While joint ownership of real estate is a popular method for avoiding probate in the event of an owner's death, this arrangement also has its drawbacks. Generally, real estate may be seized or at least considered as an asset for all owners, including joint owners who were added to a title for the very purpose of avoiding or delaying probate court. In other words, each joint owner adds to the legal exposure of a given piece of real estate.
An Example of How Joint Ownership Can Backfire
A doctor and her husband are building their dream home in the suburbs of Atlanta. The loan application is submitted and the closing attorney is instructed to prepare the transfer documents. Both the mortgage and the deed are prepared in their joint names.
This is actually quite a common scenario. However, the couple has exposed their most valuable asset to the liabilities of both partners, including the high lawsuit risks of the doctor. Without proper planning and forethought, this family may be headed towards a forced sale of the home to satisfy a judgment. Not only does the doctor in trouble lose her home, but so does her family.
Ownership in the property may be just the incentive that a creditor or a potential plaintiff needs to pursue a lawsuit. If the joint owner otherwise has no substantial assets, it could be an unexpected windfall and guarantee that a lawsuit will be filed.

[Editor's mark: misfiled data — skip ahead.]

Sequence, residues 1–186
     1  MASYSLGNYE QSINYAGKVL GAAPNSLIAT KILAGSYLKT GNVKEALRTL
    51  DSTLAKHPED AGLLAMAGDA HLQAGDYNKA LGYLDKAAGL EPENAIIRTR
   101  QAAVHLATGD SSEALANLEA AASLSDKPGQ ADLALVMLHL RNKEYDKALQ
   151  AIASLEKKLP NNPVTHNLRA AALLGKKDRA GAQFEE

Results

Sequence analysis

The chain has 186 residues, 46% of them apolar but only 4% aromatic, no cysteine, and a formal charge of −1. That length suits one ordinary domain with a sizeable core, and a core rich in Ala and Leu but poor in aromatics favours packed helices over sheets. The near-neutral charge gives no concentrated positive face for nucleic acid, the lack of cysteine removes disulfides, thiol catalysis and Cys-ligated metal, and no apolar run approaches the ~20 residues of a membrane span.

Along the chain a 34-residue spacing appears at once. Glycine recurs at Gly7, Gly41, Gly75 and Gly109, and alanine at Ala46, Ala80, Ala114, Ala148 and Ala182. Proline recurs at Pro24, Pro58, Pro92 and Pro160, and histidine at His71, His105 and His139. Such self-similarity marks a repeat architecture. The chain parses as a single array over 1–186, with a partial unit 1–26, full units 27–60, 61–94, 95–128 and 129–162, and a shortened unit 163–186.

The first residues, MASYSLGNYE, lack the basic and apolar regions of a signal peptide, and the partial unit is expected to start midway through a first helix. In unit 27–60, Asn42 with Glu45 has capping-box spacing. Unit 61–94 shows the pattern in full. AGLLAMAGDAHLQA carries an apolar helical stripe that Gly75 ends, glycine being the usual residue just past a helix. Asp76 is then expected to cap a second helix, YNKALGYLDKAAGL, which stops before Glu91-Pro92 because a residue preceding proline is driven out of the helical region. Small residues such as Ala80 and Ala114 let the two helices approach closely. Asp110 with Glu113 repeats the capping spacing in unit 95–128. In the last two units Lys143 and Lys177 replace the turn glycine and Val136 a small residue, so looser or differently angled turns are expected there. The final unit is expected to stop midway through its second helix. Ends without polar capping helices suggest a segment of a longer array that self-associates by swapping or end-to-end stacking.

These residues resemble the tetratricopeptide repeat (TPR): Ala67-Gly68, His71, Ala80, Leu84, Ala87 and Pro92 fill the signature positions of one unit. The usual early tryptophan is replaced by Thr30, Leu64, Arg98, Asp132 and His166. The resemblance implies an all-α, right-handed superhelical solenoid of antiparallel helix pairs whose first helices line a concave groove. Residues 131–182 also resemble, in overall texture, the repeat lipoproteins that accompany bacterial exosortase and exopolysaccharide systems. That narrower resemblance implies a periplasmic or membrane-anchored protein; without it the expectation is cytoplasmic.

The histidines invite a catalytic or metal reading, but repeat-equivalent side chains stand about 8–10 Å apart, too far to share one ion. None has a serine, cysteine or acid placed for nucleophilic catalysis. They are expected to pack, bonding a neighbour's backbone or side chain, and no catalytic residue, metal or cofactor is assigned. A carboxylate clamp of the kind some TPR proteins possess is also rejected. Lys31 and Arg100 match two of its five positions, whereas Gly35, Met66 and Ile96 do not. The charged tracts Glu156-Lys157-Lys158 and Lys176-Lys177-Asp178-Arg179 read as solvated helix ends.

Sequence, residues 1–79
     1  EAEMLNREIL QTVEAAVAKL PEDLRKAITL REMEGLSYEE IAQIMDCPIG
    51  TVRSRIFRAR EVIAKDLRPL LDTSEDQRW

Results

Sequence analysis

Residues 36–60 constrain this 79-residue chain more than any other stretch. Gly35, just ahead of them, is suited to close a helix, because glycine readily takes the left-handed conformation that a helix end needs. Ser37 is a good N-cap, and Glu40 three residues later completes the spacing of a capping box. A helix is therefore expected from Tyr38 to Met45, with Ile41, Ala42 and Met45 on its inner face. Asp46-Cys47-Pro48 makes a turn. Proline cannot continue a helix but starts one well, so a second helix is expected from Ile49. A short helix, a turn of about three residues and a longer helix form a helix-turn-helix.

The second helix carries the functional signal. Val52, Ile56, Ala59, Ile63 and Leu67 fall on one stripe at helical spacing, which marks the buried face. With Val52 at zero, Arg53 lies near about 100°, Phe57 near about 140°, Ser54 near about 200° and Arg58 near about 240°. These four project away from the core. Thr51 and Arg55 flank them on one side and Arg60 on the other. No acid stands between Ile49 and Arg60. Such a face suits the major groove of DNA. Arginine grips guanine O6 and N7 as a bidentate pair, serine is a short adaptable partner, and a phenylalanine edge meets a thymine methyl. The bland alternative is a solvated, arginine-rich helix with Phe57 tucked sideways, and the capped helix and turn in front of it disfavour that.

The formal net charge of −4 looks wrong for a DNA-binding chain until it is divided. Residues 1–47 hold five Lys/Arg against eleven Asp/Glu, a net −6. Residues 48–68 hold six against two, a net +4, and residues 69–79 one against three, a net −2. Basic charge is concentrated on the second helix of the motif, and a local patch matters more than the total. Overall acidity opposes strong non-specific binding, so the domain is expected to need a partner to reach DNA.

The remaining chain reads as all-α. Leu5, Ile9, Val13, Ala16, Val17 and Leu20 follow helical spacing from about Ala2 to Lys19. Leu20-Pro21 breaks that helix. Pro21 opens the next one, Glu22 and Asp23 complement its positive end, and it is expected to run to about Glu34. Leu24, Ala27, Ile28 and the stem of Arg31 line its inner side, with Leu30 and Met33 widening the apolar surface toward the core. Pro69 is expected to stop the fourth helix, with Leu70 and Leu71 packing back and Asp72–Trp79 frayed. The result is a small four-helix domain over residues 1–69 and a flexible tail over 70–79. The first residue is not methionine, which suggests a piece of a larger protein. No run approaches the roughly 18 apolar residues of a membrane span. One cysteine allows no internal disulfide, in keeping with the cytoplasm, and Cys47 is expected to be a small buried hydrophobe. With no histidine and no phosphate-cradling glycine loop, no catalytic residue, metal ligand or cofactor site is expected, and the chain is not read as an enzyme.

But Doesn't Joint Ownership Avoid Probate?
It may avoid probate upon the death of the first owner and if the property is owned as joint tenants with a right of survivorship. But when the second owner dies, the property would still need to be probated. If the property is owned as tenants in common, then probate would not be avoided even upon the first death.
What Other Problems Can Joint Ownership Present?
In addition to the fact that joint ownership only delays probate until the second owner's death, the arrangement may also present the following issues:
How a Living Trust May Help
A living trust is a revocable trust that is set up during your life. Most of your assets are then titled in the name of the living trust. You maintain complete control of the trust during your life and can add or remove assets. Upon your death, the assets in the trust are distributed by your named trustee (usually your spouse) to your named beneficiaries, without probate.
A living trust maintains your family's financial privacy, provides an easier and more efficient administration of your estate, and can protect dependents with special needs. A living trust is easy to set up and maintain and can be changed or canceled at any time.
A living trust is usually drafted to include the following additional benefits:
Get a Free Initial Case Review
You may not be around to explain what you meant when forming a trust. A lawyer can help you create a trust that clearly expresses your wishes. Contact a local attorney for a free initial case review to ask additional questions and discuss your options.